Defect Detection and Mitigation in Advanced Sheet Moulding Compounds

Lead Research Organisation: University of Nottingham
Department Name: Faculty of Engineering


Compression moulding provides a method of manufacturing composite parts faster and more cheaply than more widely-used methods, such as autoclave cure and resin transfer moulding. However, due to the random nature of the materials used in compression moulding, such as Sheet Moulding Compounds (SMCs), the resulting parts can be highly variable. Further, defects, such as surface blisters, pockmarks, internal voids, and wrinkled fibres, are frequently found in parts manufactured by compression moulding. Currently, the causes of these defects and their effects on the mechanical performance of compression moulded parts are poorly understood. This PhD project will therefore focus on studying the causes of variability and defects in SMC parts, their effects on the mechanical properties of the final part, and how they might be reduced.

The first part of this project is to study the variation in parameters such as fibre content and orientation in a commercial prepreg-based carbon SMC. Of particular interest is the effects of this variation on the mechanical performance of and defect formation in parts made from these materials and the effect of said defects on failure and mechanical properties. This part of the research will be carried out by using a method of scanning SMC samples into a CAD model to measure the thickness across the part. The mass variation will also be measured by cutting the samples into small squares and weighing them for comparison with the thickness data. Other samples will be scanned before being compression moulded. These moulded plaques will be subjected to ultrasonic C-scanning, which will determine the locations of internal defects. By comparison with the thickness scans, the relationship between thickness variation and defect formation will be studied. These plaques will then be cut into tensile test coupons, which will be tested using Digital Image Correlation (DIC) for strain measurement. This will show the effect of internal defects on local strain, failure locations, and mechanical properties.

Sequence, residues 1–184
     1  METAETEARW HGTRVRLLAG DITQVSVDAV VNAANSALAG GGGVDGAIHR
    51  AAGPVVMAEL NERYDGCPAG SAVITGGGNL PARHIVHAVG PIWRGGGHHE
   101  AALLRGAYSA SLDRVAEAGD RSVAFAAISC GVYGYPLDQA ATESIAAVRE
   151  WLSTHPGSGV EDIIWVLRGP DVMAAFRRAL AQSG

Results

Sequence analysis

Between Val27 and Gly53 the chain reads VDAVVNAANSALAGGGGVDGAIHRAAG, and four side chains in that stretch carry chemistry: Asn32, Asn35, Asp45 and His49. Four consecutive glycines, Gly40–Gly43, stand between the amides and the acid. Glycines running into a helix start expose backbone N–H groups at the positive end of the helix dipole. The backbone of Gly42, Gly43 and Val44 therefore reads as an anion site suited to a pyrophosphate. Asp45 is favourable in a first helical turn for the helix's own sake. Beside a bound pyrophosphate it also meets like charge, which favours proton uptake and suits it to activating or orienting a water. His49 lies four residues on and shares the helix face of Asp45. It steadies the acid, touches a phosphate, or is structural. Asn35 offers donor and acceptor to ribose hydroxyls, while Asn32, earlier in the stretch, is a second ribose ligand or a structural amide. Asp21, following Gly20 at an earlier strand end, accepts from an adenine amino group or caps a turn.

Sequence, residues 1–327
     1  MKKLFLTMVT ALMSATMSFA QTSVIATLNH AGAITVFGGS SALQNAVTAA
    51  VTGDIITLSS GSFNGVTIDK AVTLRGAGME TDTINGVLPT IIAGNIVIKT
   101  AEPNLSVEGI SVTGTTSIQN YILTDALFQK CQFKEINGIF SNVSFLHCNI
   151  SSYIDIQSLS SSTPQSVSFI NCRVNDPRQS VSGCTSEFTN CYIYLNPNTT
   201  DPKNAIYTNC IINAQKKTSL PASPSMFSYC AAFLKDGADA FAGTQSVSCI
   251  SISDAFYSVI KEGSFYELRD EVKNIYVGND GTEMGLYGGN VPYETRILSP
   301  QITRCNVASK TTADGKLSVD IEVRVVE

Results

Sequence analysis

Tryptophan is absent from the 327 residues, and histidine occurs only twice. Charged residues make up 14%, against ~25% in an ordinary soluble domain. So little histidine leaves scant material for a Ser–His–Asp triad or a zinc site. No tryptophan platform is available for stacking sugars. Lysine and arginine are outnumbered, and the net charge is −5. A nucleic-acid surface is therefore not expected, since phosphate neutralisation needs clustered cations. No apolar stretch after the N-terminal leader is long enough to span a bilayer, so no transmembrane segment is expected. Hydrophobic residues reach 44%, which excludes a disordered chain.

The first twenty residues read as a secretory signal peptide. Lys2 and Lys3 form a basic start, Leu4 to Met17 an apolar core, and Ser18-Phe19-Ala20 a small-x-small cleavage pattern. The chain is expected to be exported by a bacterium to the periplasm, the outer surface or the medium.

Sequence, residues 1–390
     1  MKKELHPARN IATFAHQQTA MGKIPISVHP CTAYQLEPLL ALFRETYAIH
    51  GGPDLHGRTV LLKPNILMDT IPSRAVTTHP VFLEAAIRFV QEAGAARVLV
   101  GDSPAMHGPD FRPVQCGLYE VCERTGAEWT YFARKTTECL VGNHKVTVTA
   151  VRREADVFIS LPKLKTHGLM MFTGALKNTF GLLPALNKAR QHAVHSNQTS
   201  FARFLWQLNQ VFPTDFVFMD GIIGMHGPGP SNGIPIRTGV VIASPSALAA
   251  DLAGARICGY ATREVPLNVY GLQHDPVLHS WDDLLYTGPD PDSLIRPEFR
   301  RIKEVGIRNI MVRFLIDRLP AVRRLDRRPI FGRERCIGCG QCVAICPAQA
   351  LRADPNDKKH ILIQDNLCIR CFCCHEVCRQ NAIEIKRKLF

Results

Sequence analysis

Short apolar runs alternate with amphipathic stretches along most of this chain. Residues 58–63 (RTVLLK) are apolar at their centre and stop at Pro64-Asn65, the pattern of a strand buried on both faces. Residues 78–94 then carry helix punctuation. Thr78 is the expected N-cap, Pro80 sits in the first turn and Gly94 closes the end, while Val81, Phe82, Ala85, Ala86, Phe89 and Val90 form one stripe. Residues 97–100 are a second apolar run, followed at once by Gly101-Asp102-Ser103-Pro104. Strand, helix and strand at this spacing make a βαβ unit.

The second part of the project is to investigate ways of reducing variation in SMCs with the goal of reducing the number and size of defects which form. This will be done by chopping regular prepreg and randomly distributing the resulting chips to produce new SMCs with varied parameters, such as the length and aspect ratio of the chips. By subjecting these new SMCs to much of the same testing as described in the previous paragraph, the effects of altering the aforementioned variables will be studied. It will also be necessary to investigate how altering the variables affects the mechanical performance of the part (for example, reducing fibre length reduces strength and stiffness but may also reduce variability and defects) and whether the result is a suitable trade-off.

The third part of the project is the development of a computational model to simulate these materials. Currently, this model places fibres onto a grid with random location and orientation. Later iterations will incorporate data from the first two studies to better represent real SMCs.


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Studentship Projects

Project Reference Relationship Related To Start End Student Name
EP/S515528/1 01/10/2018 30/09/2022
2117023 Studentship EP/S515528/1 01/10/2018 30/09/2022 Daniel John Wilson